English Summer EDventure: Pirate Treasure Hunt
Ahoy me hearties! Someone from these parts once told me there’s some treasure to be found...I wonder where it could be? Could you be the ones to uncover it?!
Before we start, there are always some lessons to be learned from every challenge mateys and here they are:
To understand the features of a set of instructions
To write their own set of instructions using adverbs of time
To understand and use imperative verbs to write commands
We’d recommend starting off by modeling the activity with the child to help them practise the skill of writing a set of instructions before they give it a go themselves. In Key Stage 1, learning to write instructions and understanding commands is a National Curriculum learning objective, therefore it is likely your child already has some experience with the skill. However, it never hurts to recap; helps refresh the memory you see mateys.
First, a handy hint on imperative verbs:
An imperative verb (sometimes known as a ‘bossy’ verb), is a verb used when giving a command. A verb only becomes an imperative verb when used in a commanding sentence, an instruction being a great example. It is usually the first word in the sentence:
Brush your hair
Eat your food
Occasionally, it can appear elsewhere in a sentence:
First, get your coat
Next, put your shoes on
Now, let’s get going!
For this treasure hunt, you will need:
- Pen for writing
- Colouring pencils (optional)
- And most importantly...an exciting piece of treasure!
Activity 1: Treasure hunt for your child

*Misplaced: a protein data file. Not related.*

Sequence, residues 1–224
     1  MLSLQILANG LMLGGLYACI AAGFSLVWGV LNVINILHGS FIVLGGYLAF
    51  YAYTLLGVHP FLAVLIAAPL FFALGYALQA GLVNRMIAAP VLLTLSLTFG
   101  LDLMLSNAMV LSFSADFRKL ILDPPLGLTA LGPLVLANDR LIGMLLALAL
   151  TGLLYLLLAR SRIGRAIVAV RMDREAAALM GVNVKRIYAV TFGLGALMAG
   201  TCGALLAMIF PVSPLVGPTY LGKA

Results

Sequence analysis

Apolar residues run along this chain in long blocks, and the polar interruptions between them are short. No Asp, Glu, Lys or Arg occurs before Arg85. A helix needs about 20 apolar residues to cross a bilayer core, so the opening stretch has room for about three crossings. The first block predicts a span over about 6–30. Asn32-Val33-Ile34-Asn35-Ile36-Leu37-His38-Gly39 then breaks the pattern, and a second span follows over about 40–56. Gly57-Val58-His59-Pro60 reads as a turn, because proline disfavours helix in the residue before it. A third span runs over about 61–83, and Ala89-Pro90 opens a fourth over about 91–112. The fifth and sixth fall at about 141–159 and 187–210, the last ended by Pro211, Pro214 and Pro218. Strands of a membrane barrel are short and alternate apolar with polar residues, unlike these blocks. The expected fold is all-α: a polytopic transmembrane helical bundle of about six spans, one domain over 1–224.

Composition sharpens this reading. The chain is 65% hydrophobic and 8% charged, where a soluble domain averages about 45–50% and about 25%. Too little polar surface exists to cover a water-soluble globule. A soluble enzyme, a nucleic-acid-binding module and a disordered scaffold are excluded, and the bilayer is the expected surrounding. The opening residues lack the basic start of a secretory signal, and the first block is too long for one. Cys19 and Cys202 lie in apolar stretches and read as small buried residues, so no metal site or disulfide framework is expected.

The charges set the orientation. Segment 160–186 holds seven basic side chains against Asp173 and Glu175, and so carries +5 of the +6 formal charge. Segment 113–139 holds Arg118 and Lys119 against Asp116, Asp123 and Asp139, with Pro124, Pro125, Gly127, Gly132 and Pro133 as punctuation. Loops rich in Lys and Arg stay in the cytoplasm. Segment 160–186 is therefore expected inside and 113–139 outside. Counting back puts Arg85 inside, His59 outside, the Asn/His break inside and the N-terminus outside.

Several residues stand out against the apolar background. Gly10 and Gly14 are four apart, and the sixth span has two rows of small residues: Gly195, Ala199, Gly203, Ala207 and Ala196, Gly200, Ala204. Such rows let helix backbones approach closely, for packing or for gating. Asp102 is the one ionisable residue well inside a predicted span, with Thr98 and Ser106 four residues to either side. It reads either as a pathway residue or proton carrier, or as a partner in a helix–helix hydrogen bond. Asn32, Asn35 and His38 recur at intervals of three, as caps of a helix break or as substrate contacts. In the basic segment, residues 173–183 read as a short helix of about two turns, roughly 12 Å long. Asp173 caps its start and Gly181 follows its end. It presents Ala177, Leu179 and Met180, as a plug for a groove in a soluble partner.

Hide it somewhere
Create a simple set of instructions (creating a map is optional, but recommended to increase engagement and upping the fun factor). Don't forget those imperative verbs!
Encourage your child to follow the instructions independently, but they may need a little help which is perfectly normal.
Once your little treasure hunter has discovered their loot now it’s their turn!
Activity 2: Now it’s time for your child to hide the treasure…
Ask your child to hide the treasure in a place of their choosing.
Get your child to write a set of instructions so that you/a sibling/a friend can find the treasure.
Again, creating a map is optional but a fun addition and all the best pirates follow maps!
Can you find their hidden treasure, Matey?
Teacher top tips:
When your child is creating their instructions, encourage them to use and keep an eye out for:
Adverbs of time (i.e. First, next, then, finally)
Imperative verbs (see point above)
That’s all there is to it, me hearties. What great treasure hunters you were - they’ll be singing about you in sea shanties for decades to come.
Keen to keep learning? Check out these free activities to practise imperative verbs and more!